Can you spot wealthy New Yorkers by their ‘R” sounds?

Is it possible to gauge how wealthy a New Yorker might be just by the way they pronounce their /r/ s? A new paper in the Journal of English Linguistics investigates whether variations of rhoticity [viz. the prevalence, or lack of, the /r/ sound in speech] in wedding-consultants’ speech could be correlated with the amount of money a bride states she is willing to spend on her wedding dress. That is to say, the amount of money she has at her disposal, used as a measure of her (perceived) social status. The paper, in the Journal of English Linguistics, June 2015, 43: 118-142, can be downloaded here for US$30. “(r) You Saying Yes to the Dress?”: Rhoticity on a Bridal Reality Television Show

[Background: The paper was inspired by the work of professor William Labov at the University of Pennsylvania, who, in 1966, published ‘The Social Stratification of (r) in New York City Department Stores’ finding that employees at Saks (which was considered upmarket) tended to have the highest rate of constricted /r/ s than those at Macy’s or S.Klein (considered not-so-upmarket)]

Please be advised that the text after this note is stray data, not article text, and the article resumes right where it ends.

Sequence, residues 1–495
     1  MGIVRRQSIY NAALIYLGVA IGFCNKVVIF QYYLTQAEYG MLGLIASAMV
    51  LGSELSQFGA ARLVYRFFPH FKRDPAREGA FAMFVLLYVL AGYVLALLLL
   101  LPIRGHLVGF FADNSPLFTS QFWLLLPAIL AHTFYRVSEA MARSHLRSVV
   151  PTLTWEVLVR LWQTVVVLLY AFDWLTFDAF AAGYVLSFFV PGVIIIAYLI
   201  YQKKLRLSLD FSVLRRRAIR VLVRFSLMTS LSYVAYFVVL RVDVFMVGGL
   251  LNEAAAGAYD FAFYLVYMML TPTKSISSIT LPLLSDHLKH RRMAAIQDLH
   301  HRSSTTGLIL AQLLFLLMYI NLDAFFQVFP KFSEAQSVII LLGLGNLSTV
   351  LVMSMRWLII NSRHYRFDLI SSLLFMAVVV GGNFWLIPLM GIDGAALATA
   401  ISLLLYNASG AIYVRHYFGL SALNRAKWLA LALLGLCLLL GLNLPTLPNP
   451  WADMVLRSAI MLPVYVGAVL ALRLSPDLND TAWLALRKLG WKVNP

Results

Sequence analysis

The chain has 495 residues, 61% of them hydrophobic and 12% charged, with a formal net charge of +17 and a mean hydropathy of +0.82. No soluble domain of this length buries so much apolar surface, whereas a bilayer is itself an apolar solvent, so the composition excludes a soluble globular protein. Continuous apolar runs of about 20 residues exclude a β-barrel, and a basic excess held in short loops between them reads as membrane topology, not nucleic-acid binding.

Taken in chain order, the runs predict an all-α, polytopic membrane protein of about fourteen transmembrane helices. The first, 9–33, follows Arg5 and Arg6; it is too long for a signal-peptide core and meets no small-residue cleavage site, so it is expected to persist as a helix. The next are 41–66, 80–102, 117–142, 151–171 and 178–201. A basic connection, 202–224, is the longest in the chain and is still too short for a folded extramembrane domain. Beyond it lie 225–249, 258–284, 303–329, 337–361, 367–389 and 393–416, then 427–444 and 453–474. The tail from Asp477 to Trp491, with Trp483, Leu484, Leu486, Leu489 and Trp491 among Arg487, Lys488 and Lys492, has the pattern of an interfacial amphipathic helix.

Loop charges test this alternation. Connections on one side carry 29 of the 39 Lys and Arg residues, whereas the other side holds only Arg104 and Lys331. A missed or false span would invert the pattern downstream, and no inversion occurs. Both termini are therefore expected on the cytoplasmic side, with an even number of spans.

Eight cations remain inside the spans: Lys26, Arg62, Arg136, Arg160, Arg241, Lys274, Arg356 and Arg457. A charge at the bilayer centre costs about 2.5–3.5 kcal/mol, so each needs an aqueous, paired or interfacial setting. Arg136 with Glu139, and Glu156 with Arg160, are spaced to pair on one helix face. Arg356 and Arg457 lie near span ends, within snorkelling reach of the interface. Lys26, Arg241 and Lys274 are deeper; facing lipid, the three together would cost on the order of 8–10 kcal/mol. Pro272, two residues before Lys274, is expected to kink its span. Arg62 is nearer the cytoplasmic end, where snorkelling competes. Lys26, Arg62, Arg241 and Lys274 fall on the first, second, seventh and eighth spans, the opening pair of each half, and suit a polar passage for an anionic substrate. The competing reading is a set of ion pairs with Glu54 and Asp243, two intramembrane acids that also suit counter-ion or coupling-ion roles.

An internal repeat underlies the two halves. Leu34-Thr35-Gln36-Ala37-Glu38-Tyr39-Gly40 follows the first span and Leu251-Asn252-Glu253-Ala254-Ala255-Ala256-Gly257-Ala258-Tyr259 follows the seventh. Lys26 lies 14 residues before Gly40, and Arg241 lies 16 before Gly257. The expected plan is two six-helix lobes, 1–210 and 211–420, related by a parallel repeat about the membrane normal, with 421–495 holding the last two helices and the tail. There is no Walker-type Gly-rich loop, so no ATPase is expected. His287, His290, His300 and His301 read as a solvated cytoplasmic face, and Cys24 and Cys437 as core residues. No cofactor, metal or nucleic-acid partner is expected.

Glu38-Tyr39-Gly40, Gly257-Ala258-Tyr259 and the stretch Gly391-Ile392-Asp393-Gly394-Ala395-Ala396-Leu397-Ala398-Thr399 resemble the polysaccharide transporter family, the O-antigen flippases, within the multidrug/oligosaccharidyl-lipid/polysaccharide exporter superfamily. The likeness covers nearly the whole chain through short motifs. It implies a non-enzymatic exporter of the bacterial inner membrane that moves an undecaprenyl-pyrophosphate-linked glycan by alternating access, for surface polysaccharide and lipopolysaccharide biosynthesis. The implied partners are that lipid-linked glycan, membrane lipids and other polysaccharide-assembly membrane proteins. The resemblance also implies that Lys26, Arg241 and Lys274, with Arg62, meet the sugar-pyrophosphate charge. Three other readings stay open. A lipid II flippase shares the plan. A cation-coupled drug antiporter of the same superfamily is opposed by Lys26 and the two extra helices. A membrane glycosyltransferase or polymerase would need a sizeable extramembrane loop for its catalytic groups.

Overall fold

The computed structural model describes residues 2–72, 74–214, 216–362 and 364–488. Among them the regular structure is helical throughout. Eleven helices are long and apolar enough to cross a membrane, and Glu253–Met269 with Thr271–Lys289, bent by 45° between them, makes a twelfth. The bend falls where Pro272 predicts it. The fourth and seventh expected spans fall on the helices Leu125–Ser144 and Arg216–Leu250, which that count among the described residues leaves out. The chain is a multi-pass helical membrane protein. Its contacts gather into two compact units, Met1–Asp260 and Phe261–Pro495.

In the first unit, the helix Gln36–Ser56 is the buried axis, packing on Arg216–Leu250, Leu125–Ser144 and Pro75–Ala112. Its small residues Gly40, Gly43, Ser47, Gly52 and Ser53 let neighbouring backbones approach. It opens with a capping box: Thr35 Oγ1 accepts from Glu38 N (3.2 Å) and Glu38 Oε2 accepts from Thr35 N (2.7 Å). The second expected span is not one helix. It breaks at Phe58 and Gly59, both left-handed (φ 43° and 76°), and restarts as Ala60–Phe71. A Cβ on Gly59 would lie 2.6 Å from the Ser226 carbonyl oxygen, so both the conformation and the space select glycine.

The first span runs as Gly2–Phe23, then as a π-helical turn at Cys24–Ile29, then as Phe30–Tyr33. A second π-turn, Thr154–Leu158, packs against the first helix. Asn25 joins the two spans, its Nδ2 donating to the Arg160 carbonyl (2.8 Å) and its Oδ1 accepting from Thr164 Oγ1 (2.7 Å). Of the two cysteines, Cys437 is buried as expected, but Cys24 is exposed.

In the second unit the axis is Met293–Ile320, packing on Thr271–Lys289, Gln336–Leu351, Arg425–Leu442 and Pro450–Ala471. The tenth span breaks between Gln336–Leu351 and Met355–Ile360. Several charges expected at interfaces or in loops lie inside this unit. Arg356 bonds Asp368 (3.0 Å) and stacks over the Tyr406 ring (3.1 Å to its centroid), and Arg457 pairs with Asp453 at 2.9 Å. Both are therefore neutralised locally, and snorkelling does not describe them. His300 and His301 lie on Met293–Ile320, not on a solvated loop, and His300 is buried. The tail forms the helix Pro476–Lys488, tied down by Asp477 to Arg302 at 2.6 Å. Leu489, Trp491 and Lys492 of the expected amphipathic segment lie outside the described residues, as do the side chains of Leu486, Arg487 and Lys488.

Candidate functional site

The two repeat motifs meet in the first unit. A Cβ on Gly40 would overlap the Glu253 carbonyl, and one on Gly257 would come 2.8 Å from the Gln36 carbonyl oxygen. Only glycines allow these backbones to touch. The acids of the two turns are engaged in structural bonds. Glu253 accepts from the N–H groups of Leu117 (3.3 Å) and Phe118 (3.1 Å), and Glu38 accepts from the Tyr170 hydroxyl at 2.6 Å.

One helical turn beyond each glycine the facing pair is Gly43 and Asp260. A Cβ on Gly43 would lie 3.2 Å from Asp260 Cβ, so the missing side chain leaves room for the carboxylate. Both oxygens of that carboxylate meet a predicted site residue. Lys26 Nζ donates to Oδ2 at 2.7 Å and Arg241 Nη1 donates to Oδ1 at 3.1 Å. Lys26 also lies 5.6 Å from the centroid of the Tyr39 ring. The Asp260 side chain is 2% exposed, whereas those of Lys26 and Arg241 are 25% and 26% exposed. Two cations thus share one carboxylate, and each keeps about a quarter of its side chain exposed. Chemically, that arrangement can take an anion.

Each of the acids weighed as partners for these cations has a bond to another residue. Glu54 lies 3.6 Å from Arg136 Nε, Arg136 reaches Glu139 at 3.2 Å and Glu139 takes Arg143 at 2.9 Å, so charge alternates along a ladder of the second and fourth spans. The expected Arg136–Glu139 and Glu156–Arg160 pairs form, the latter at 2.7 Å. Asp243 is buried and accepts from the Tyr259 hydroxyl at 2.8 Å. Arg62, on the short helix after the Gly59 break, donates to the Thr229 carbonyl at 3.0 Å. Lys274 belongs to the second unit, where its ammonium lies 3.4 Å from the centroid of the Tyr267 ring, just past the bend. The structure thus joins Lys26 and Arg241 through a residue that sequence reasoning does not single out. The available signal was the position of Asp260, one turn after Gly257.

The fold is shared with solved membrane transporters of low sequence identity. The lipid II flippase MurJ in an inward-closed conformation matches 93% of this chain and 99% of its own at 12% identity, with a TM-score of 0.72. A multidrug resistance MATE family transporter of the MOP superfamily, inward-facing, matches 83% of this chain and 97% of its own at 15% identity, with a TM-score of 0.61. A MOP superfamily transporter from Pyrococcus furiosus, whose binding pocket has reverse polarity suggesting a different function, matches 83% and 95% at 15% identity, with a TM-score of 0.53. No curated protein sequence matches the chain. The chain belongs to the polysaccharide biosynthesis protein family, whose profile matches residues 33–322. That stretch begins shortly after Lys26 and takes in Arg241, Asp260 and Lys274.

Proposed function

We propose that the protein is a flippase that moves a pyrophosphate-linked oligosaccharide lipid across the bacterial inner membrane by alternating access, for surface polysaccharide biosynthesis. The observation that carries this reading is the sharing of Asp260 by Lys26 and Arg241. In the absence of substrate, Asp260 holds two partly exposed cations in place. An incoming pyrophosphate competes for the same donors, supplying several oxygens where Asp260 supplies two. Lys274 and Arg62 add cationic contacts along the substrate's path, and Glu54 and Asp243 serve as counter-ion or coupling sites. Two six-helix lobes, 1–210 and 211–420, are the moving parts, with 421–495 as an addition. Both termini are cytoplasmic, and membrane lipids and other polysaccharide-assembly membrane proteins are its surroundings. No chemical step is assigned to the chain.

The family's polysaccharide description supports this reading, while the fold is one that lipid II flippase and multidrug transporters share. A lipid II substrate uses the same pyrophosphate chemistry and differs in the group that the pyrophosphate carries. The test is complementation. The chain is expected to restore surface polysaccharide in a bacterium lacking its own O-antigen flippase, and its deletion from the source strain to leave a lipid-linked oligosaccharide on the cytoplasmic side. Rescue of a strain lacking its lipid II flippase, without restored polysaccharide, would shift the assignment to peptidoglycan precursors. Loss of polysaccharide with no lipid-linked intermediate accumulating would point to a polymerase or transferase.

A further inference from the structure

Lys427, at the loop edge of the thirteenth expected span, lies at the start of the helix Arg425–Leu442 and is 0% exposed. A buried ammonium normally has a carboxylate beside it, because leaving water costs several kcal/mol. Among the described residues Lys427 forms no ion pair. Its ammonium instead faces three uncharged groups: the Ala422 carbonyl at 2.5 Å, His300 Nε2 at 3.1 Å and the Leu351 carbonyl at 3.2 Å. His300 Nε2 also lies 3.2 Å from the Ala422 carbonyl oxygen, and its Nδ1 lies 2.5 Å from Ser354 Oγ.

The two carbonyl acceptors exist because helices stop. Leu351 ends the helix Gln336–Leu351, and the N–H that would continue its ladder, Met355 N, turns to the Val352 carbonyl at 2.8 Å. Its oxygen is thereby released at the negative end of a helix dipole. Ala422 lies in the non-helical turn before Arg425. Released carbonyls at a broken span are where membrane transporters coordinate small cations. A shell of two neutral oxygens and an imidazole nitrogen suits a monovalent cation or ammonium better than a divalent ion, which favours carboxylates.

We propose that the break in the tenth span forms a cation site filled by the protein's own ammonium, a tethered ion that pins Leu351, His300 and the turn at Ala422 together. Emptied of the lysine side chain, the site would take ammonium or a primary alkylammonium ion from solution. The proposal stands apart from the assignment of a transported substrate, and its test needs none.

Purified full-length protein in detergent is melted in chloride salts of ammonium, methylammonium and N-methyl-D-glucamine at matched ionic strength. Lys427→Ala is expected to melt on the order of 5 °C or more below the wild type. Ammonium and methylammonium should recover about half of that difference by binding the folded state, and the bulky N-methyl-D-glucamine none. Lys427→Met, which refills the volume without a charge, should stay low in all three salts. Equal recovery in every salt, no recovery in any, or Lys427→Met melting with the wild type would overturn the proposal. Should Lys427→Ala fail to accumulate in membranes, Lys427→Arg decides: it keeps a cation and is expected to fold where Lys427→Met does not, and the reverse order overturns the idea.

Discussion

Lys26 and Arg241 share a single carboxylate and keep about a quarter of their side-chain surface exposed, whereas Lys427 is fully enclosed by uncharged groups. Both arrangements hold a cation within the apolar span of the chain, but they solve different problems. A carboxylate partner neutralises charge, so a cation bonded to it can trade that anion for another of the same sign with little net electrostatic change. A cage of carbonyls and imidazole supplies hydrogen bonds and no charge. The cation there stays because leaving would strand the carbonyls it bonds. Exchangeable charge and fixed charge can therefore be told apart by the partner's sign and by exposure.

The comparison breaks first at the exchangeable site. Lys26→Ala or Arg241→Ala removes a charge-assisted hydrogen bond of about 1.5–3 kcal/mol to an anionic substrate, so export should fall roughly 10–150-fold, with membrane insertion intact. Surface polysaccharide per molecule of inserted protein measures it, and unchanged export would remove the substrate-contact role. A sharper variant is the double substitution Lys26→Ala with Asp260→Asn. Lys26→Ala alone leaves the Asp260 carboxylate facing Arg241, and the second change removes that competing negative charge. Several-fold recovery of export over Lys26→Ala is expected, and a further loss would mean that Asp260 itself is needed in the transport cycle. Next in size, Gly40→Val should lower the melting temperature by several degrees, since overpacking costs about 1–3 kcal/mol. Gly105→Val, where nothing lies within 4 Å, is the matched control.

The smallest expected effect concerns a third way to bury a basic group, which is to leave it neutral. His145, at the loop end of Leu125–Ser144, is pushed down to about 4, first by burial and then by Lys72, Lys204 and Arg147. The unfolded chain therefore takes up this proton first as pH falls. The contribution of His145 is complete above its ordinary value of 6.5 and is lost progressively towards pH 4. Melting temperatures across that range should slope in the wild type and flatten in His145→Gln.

Further insight into the new study is provided (free of charge) by the University of Pennsylvania, which hosts another (earlier) paper by the same two authors …A Department Store Study for the 21st Century: /r/ vocalization on TLC’s Say Yes to the Dress’. It describes how data were gathered from recordings of the 2007 TV docusoap ‘Say Yes to the Dress’ which was set in the New York bridal salon Kleinfeld. Analysis of the speech of the bridal consultants involved in sales transactions (focussing on words such as Fur, Start, Letter, Square etc) showed that :

“ […] when consultants are working with a bride in the High budget category (over $8000) constricted [r] is the favored variant. Slightly less favoring [r-1] is the Medium category ($3000 -$5000), followed by the Low category (under $3000).”

The consultants were presumably attempting (consciously or not) to reflect the speech patterns of their customers. Thus the new study supports Labov’s findings that wealthy New Yorkers tend to constrict their /r/ s.

Bonus: Here are some more videos featuring speech of New Yorkers for your own comparative analyses.

Postscript : According to Wikipedia, an extreme example of /r/ suppression can be found in some New York accents – R-labialization , or as Improbable prefers to call it ‘Woticity’.